Thus Juan-- otherwise of excellent character, to the point of being exasperating-- seems wanting in the fidelity department. He falls for Leonora but soon as they're separated, falls for Maria instead; when he leaves Maria at an inn and bumps into Leonora he forgets Maria and falls for Leonora again, forcing Maria to barge her way into the royal palace and remind him of previous (or subsequent previous) commitments. Bewildering fare for those used to Disney puritanism but to these eyes feel more contemporary than anything, down to the self-absorbed alpha male buffeted by the conflicting desires of two strongwilled women. 

Plus: Pedro, who betrays his brother and is once, twice, three times forgiven, finally-- finally!-- shows some impulse at reform. Character development and redemption in a fairy tale! How progressive can you get? Given his past record, you wonder how long reformation will last, tho Pedro is the rare villain with valid motivation-- he was passed over in favor of young Juan in the line of succession, and may be content to settle down with a kingdom of his own. 

The film itself looks odd, Middle Eastern ambiance (sets by Gumercindo Buencamino and Teody Carmona, music by Francisco Buencamino (his second ever score)) with strong Western European feel (a magic carriage that might have rolled straight out of Disney's Cinderella; a royal guest room sporting pine tree motifs; an inn fitted with Arabic windows and suspiciously Swiss-looking stairway, fireplace, chandelier).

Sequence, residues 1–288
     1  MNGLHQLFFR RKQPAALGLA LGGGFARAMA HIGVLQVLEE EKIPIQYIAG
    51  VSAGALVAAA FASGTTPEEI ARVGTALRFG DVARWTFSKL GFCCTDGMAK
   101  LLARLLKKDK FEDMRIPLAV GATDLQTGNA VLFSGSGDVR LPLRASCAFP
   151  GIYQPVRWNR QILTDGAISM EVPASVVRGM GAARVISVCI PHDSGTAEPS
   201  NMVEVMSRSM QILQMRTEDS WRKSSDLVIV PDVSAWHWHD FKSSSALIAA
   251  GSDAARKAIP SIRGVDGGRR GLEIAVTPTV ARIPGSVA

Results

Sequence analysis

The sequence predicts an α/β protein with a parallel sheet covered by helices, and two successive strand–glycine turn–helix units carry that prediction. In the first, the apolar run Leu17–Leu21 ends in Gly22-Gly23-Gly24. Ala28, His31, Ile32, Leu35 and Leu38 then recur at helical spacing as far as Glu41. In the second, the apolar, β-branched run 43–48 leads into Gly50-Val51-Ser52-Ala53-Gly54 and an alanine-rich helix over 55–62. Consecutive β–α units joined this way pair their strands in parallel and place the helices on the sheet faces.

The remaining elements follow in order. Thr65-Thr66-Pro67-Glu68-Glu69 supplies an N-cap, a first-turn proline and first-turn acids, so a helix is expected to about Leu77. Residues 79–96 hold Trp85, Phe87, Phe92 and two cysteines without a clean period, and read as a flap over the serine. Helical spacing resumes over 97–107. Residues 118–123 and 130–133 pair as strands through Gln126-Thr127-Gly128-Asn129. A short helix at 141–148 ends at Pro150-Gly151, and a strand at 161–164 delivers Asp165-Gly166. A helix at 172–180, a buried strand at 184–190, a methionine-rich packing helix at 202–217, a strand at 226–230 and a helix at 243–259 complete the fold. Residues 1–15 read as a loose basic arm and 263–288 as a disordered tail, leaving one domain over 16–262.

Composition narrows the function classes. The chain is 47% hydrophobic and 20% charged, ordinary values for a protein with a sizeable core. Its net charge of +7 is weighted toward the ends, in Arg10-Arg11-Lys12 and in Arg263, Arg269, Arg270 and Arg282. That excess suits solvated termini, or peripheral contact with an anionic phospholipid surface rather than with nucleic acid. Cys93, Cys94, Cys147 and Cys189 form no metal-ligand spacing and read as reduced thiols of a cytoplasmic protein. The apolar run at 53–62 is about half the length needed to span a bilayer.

The array of special effects, everything from hand-tinted color sequences (when the Adarna sings the bird turns into a rainbow of bright hues) to forced perspective (Juan fights a near-naked giant on his way to winning Leonora's hand) to intricate models and background paintings joined to live action by means of an optical printer. Alas, the hand-painted colors are gone; ABS-CBN, who has otherwise done us a service by cleaning up the film print, can only manage digital coloration, and you miss the flickering brush strokes of a real paint job. The forced perspective effects still work fine, and the optical printer has this added benefit-- when the princes first leave to seek the Adarna, the towers and turrets of the kingdom of Berbania loom in the distance, and the slightly misty look gives the realm a mirage-like miraculous feel.

Arguably the film's best sequences are the early ones; when the Adarna starts singing (sweet warble by Angeles Gayoso), the monochrome image gives way to an unearthly radiance that affirms one's belief in the miracle of cinema, where anything-- even the magic of rainbows-- is possible onscreen. And it's not just effects for effect's sake; the parable of the Adarna bird warns us against being lulled by pretty lights and lilting melodies, a warning that we Filipinos fail to heed time and time again, have failed to heed just this year. Stay focused, the film tells us; and if you've fallen asleep-- for God's sake, wake up.  

First published in Businessworld 11.4.22